Tuesday, 5 July 2022

Culverhole Revisited

It is just over a year since my last visit to Culverhole, a quiet little spot rich in plants and creatures, on the Jurassic coast east of Axmouth. Today I finished work a bit early and headed out along the shingle. I had two targets. One, Marsh Fragrant Orchid. I already knew that at least two were present recently, so had no doubt they still would be! And two, Cliff Tiger Beetle. Last year I flukily came across one of these rare beasts - my first - and got a couple of poor photos. This time I wanted to find one on purpose and get better pics, if possible.

Things went pretty well...

The shingly plod was instantly rewarded with these 5 Med Gulls, plus at least another four offshore


Two Marsh Fragrant Orchids, settled and showing well. It felt like they were in exactly the same spot as last year's singleton.

A rich lushness of Marsh Helleborines.

With invert-hunting my main priority this time, I didn't really go to town on the flowers. Suffice to say there were hundreds of Marsh Helleborines, but most of the other orchids (Southern Marsh mainly) had gone over.

I spent a lot of time scanning the deck for scuttling things. I expected a lot of spiders, but amazingly the very first thing that caught my eye was a Cliff Tiger Beetle! It dodged and weaved, and eventually vanished in the vegetation before I could get any photos. Needless to say, the next hundred scuttling things were indeed spiders.

There was lots of other stuff to look at though...

I am pretty sure this is a teneral Keeled Skimmer.

Obviously I had an eye out for moths. This one as yet unidentified. Judging by its plain brown-ness, it might stay that way.

Serious jaws on these flies. I did look them up, and got as far as family, but can't remember what it was. Began with 'C' I think. I can't even cope with moths, so flies have go no chance.

Another Keeled Skimmer. Female I presume.

Safe ground at last. Male Keeled Skimmer. Definitely.

Keeled Skimmer was easily the most numerous dragon. I got plenty of photos, which means...

...I've got to use them.

Another as-yet-unidentified moth.

Finally, after several thousand spiders, another Cliff Tiger Beetle. Unbelievably it paused for a millisecond, so I got a record shot...

Cliff Tiger Beetle. Obviously.

The vegetation was short enough and sparse enough that I could follow it quite easily, but it rarely stopped moving, and I thought my chances of a decent-ish photo were slim. But then I had an idea...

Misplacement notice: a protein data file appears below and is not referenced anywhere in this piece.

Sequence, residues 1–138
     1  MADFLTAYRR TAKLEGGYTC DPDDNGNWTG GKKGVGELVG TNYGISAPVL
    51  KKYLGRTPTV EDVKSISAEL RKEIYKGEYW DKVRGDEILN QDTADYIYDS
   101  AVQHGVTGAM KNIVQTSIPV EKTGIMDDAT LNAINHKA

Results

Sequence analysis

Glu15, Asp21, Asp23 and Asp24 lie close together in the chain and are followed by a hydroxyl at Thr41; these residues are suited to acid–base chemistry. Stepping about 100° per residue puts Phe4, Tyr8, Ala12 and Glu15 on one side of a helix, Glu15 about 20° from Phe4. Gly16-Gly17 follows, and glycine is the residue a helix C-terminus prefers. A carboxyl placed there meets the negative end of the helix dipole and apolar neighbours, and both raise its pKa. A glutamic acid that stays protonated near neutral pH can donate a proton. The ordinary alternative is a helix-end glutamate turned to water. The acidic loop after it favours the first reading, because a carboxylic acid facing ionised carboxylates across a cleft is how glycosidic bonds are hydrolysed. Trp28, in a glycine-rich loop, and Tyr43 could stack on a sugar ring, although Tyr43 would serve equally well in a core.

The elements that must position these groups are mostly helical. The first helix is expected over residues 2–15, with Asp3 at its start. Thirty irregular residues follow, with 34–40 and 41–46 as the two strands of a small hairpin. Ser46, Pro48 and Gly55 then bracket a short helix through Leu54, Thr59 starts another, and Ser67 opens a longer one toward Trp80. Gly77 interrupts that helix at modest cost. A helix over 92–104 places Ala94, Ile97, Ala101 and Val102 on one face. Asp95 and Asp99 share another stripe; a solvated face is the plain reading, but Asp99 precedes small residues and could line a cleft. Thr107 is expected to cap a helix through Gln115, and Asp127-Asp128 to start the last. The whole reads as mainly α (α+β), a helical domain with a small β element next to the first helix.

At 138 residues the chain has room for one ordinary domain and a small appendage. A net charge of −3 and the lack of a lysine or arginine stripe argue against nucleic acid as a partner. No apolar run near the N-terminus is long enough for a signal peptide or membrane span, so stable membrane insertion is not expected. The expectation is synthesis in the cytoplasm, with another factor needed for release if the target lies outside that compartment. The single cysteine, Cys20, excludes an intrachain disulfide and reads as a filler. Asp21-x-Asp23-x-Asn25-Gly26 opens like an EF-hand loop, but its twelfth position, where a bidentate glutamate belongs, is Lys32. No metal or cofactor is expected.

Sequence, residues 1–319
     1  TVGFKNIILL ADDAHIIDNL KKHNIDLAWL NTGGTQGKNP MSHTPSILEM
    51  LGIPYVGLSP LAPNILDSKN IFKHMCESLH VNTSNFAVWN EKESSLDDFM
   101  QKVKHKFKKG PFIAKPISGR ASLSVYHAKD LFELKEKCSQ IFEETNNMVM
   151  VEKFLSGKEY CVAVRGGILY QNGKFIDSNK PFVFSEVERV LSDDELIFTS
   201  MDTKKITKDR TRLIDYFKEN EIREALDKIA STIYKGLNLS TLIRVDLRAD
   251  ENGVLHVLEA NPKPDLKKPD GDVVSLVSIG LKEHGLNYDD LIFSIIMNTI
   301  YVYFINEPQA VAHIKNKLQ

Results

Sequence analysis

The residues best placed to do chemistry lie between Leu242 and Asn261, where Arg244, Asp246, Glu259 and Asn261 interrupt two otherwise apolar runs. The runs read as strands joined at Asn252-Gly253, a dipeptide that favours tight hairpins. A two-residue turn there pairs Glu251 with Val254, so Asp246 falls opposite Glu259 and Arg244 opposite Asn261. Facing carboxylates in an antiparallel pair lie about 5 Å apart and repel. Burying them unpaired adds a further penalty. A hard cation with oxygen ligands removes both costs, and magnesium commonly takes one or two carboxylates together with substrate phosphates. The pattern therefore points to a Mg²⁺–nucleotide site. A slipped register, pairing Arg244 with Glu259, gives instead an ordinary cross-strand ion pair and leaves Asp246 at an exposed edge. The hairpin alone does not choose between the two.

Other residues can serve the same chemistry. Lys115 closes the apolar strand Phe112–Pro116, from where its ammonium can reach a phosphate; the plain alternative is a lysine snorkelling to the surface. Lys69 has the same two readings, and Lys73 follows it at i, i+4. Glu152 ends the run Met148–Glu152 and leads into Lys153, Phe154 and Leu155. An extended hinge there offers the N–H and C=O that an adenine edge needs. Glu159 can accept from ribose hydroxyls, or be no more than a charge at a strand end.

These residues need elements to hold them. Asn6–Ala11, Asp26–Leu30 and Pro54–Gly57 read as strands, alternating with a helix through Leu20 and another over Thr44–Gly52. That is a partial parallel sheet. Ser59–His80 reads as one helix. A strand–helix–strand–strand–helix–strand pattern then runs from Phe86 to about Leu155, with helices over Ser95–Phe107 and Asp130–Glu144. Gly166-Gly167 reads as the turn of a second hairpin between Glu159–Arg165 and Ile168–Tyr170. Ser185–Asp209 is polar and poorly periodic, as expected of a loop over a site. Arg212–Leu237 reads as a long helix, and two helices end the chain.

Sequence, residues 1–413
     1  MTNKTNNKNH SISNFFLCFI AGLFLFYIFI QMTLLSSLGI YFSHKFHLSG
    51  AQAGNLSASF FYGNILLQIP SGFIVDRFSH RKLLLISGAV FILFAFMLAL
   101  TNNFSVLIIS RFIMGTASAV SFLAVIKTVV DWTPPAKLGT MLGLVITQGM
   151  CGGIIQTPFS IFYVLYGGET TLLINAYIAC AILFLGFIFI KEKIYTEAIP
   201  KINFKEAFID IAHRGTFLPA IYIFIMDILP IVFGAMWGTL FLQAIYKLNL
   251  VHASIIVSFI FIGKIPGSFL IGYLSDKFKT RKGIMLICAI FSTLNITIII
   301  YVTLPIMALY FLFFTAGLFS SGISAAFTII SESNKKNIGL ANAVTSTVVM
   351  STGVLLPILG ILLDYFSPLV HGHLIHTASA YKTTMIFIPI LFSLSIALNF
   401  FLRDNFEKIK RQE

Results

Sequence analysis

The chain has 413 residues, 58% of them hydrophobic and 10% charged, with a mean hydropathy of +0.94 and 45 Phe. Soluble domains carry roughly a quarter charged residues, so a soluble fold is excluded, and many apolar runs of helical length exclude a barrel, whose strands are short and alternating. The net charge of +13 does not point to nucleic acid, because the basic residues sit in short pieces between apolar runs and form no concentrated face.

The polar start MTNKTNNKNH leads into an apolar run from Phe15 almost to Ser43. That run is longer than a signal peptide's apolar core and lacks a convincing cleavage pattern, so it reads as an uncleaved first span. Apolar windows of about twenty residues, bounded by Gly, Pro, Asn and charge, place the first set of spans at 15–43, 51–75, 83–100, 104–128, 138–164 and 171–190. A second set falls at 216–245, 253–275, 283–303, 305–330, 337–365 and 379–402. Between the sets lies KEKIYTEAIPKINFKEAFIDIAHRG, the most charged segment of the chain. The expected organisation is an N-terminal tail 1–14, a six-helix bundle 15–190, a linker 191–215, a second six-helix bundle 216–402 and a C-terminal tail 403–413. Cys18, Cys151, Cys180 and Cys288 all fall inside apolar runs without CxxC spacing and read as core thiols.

Cliff Tiger Beetle. In the shade here, so not much colour.

In the sun. About as colourful as it gets.

The idea? Pretty obvious really. A bit of judicious 'shepherding'...

You. Shall. Not. Pass.

Actually, this only held it up for a few seconds, if that. Mostly it just changed direction without stopping.

A very satisfying encounter with this rare little beetle.

Finally, to cap things off, a couple of macro-moths on the way back...

Flushed off the beach - a Common Wave. We've had this one in the trap.

On the path back from the river mouth - Chalk Carpet. A new one for me, and not that common I think...though perhaps they are along this stretch of coast. Best shot I managed before it was flushed by a passing cyclist.

And home for dinner...


  1. A great haul but I love the tiger beetle.

    1. Cheers Dave, the beetle was excellent fun. 😊

  2. For the small brown moth, image recognition at says: Celypha lacunana - The dark strawberry tortrix

    1. Is that you, Ric? And yes, your suggestion looks spot on. It's dead common, so I'll have it! 😄👍

  3. Alas no Gav. I'm way too simple minded to cope with the erudite machinations required for moth ID.

    1. Ah, apologies Ric.

      PS. I doubt that. 😊

  4. Hi Gav, What a great spot that is. Your micro is indeed lacunana. The flies I think are what we colloquially know as 'Humpty-back Shaggers' as that is all they ever do! The real name is Sicus ferrugineus. Your other moth is a worn Pyrausta but Im not sure which, at least Ive narrowed your search...

    1. Excellent, thanks for your help, Stew. Culverhole is a little oasis. It's a fair old walk along shingle to get there, and no proper paths, so never anyone else there.